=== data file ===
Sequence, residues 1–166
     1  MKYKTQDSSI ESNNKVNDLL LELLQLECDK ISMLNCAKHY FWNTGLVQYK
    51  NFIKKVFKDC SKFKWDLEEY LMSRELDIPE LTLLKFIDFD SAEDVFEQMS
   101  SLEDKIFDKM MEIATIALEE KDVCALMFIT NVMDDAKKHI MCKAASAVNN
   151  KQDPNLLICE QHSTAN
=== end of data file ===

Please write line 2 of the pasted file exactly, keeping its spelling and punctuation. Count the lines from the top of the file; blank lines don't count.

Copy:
     1  MKYKTQDSSI ESNNKVNDLL LELLQLECDK ISMLNCAKHY FWNTGLVQYK